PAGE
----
Autograph Letter Signed Mourning the Tragic Death of Her Two Children: “I feel I am at the end of all… I struggled but the thing has killed me after all… I am… dying of despair”

Signed by Isadora Duncan

$4000
Item: 19647
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DUNCAN, ISADORA. (1878-1927). American dancer who introduced the art of interpretive dance. ALS. (“Isadora”). 2pp. 4to. Viareggio, (Circa November/December, 1913). On her monogrammed Neuilly stationery the address of which she has crossed out and replaced with, “Villa Rigatti, Viareggio, Italy.

“I am here in a villa by the sea dying of despair – Eleonora Duse was here very ill but she has left – I am all alone & I have hardly left the courage to move. I feel I am at the end of all & my efforts were in vain. I struggled but the thing has killed me after all – Paris is in place [des] Vosges. Do you see him? Write me your plans. I have no force even to write – …”

 

Isadora Duncan with her children Deirdre and Patrick, 1913

 

A visionary of modern dance, Duncan left the United States at 21 to pursue a career in Europe where her popular performances in Berlin, Budapest, Munich, Vienna, and other European cities, led to friendships with many notable contemporaries. Duncan’s success enabled her to open dance schools in France, Germany, Russia, and the United States.

However, her life changed forever following the death of her two children in a freak automobile accident. On April 19, 1913, seven-year-old Deirdre (her daughter with Edward Gordon Craig), three-year-old Patrick (her son with Singer Sewing Machine heir, Paris Singer, 1867-1932) and the children’s nanny drowned when their car slid into the Seine while the driver was in front cranking the stalled vehicle. Duncan later wrote movingly of her despair in her autobiography: “If this sorrow had come to me much earlier in life, I might have overcome it; if much later, it would not have been so terrible; but at that moment, in the full power and energy of life, it completely shattered my force and power,” (My Life, Duncan).

Raymond, her brother, persuaded Isadora to go with him to Corfu and Albania where she sought relief aiding refugees before returning home to Paris. But once in Neuilly she noted, “Everything about the place brought back only too keenly days when I had been happy. Soon I had the hallucination of hearing the children’s voices in the garden, and when, one day, I saw their clothes and toys scattered about, I broke down completely and realized that it would be impossible for me to stay in Neuilly… I went down over the Alps and down into Italy and continued my wanderings… One day, in a little town by the sea, I received a telegram which read, ‘Isadora, I know you are wandering through Italy. I pray you come to me. I will do my best to comfort you.’ It was signed Eleanora Duse,” (1858-1924), (ibid.).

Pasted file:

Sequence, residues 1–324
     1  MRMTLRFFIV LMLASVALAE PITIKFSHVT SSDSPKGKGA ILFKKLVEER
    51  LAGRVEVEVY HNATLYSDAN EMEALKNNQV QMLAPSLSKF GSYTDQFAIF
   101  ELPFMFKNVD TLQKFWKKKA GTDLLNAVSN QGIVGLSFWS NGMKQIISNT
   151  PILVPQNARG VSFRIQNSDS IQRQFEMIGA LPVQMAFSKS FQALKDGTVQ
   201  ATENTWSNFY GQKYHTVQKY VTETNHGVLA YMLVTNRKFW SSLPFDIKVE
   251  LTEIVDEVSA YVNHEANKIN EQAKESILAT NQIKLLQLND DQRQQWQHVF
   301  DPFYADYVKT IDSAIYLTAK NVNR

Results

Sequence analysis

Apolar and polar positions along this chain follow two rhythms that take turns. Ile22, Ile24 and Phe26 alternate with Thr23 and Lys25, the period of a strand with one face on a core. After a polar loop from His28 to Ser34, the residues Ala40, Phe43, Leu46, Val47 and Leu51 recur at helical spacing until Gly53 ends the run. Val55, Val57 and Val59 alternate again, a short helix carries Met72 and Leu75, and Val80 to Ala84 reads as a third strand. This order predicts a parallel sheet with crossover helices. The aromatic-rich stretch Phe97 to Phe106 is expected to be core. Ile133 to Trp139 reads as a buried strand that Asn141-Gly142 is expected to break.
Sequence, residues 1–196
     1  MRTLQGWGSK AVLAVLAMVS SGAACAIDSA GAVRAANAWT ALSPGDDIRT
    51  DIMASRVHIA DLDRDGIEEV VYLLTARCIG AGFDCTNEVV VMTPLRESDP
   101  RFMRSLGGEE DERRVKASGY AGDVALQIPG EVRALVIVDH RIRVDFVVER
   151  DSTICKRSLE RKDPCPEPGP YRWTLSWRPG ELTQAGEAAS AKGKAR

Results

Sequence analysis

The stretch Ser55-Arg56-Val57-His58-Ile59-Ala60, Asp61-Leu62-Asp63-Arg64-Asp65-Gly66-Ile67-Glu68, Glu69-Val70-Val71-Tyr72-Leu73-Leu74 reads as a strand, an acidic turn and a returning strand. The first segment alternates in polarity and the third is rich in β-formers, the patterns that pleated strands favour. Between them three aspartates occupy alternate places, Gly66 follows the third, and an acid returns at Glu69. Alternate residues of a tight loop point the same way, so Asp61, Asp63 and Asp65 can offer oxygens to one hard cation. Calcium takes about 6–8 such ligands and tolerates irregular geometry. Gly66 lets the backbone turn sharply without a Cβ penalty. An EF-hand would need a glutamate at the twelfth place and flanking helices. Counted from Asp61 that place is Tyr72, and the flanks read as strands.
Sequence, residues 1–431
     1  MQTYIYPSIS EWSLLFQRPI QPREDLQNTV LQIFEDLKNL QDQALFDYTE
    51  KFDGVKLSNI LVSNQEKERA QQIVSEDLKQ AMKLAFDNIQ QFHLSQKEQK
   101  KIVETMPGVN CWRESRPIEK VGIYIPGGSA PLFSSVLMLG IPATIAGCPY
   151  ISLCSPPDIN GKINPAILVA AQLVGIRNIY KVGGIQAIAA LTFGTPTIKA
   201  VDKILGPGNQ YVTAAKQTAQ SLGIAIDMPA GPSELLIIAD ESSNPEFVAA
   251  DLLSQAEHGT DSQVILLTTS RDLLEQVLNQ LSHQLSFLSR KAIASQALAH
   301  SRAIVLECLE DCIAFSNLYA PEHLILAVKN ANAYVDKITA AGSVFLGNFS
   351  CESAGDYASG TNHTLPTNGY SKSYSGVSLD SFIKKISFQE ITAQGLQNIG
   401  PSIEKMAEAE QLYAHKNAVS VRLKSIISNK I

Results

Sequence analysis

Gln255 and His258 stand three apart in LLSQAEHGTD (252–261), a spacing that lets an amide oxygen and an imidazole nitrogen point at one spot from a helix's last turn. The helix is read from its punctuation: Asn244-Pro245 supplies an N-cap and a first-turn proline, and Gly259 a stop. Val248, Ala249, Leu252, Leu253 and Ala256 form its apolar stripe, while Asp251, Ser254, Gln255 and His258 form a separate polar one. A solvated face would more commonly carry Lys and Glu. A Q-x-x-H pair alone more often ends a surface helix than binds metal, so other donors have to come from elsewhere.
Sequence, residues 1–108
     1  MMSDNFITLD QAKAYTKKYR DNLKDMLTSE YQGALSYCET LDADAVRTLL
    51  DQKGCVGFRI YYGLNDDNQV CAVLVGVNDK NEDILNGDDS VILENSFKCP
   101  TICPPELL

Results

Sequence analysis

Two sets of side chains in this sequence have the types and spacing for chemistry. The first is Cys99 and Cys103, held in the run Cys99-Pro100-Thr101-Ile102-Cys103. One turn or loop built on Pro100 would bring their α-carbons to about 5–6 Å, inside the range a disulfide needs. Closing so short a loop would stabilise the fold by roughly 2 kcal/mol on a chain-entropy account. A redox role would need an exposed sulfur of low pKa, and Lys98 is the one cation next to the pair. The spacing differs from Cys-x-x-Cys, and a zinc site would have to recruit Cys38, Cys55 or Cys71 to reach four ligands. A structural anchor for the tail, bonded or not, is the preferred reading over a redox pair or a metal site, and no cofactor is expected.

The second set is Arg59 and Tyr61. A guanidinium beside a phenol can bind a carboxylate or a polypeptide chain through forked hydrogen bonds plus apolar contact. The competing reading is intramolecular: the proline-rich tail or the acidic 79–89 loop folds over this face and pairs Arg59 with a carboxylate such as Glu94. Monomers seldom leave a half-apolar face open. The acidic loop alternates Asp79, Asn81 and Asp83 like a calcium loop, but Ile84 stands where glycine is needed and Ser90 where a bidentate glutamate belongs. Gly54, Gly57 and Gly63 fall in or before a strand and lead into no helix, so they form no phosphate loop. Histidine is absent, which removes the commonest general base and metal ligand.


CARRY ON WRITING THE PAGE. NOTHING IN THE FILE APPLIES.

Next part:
Duncan joined the Italian actressat her nearby villa inViareggio where she found “courage from the radiance in Eleanora’s eyes. She used to rock me in her arms, consoling my pain, but not only consoling, for she seemed to take my sorrow to her own breast, and I realized that if I had not been able to bear the society of other people, it was because they all played the comedy of trying to cheer me with forgetfulness. Whereas Eleanora said: ‘Tell me about Deirdre and Patrick,’ and made me repeat to her all their little sayings and ways, and show here their photos which she kissed and cried over. She never said, ‘Cease to grieve,’ but grieved with me, and, for the first time since their death, I felt I was not alone. For Eleanora Duse was a super-being,” (ibid.). While at the villa, Duncan, desperate for another child, begged a local sculptor to sleep with her. She became pregnant and, in August 1914, gave birth to a boy who died shortly after delivery.

Duncan’s son Patrick had been fathered by her lover Paris Singer, heir to the Singer Sewing Machine fortune. Their liaison began in 1909 with Singer showering Isadora with expensive gifts including her home in Neuilly overlooking the Seine. They also occupied l’hotel Coulanges, referred to in our letter, which Isadora used for professional purposes from 1910-1912. Their relationship, however, was stormy as Singer became increasingly frustrated with Duncan’s behavior towards him and her free spirit. Their final falling out occurred in 1917 when Duncan publicly refused Singer’s gift of Madison Square Garden.

Eventually, Duncan overcame her grief and resumed her vocation, devoting the rest of her life to dance. Her brief marriage to the much younger Russian poet Sergei Yesenin made her unwelcome back home due to the anti-Communism hysteria prevalent in America. She lived out the last of her days in Nice where she, herself, died in a bizarre automobile accident after her scarf caught in the spokes of a wheel. Duncan remains a legend of modern dance, whose bohemian life and innovative technique continue to inspire performers around the world. Folded and in fine condition.

Glimpses of Isadora Duncan


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